This process was repeated twice, presumably because the Twitter Teacher was adamant that I liked Katy Perry. Why else would I be on Twitter, after all? I decided to like Facebook, Myspace, and even Bebo, out of spite. Somehow, I feel the internet won that round. In the end, my ‘page’, as it could conceivably be named, was plastered with uninteresting cognitive farts, and not much else. The effect is the same as that which results from liking innumerable Facebook pages, except without the illusion of interactivity.
The only distinctions I can really make between the two sites is that on Facebook you can communicate with friends to an effective degree, and on Twitter you can pretend to be sharing in an incredibly facile and truncated virtual dialogue with some faceless pop star or other who has had 1,000 number-one hits written for them, all of which are thinly veiled allusions to sex. I’d much rather have Mark Zuckerberg selling my personal information to companies which regularly prey upon directionless A-level students than read the constant stream of advertising and self-aggrandisement that accounts for the overwhelming majority of content on Twitter, because the former is much more discreet. I’m aware that I’m just as much a product on Facebook as I am on Twitter, but at least Facebook facilitates useful and interesting messaging, and it’s a much better tool for organising any given event as well.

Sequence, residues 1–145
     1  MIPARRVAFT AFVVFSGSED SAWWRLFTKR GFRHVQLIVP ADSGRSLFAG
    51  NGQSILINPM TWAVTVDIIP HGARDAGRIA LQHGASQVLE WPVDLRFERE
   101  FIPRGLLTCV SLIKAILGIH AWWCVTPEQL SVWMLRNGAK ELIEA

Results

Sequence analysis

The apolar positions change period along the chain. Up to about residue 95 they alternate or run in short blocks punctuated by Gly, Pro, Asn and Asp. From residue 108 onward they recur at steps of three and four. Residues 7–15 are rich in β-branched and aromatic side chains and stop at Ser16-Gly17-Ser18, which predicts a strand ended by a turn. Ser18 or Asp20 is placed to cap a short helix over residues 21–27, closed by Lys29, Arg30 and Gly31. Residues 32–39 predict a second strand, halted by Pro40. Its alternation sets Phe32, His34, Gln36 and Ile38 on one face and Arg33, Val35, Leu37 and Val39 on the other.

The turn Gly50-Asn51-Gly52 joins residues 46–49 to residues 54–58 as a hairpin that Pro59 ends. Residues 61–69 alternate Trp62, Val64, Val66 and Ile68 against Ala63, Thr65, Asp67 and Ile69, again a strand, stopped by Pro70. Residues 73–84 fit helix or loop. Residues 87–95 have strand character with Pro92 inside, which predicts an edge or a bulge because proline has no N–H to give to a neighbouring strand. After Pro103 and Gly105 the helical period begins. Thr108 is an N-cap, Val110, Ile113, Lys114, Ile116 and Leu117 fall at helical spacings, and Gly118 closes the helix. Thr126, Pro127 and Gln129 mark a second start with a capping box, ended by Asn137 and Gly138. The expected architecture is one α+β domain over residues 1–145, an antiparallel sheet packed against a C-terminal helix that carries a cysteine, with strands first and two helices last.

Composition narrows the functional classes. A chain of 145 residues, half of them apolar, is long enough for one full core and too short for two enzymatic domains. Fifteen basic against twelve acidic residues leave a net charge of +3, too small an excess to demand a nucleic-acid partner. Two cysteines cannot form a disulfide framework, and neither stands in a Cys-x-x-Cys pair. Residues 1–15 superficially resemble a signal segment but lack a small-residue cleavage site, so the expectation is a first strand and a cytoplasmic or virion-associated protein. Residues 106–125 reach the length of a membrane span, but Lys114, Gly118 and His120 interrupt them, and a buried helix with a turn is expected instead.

I should stress that Facebook should only really be used when absolutely necessary, and that I’m not responsible for any Facebook gaming addictions that might arise as a result of this article. If you can’t drag yourself away from Farmville, there was something wrong with you to begin with.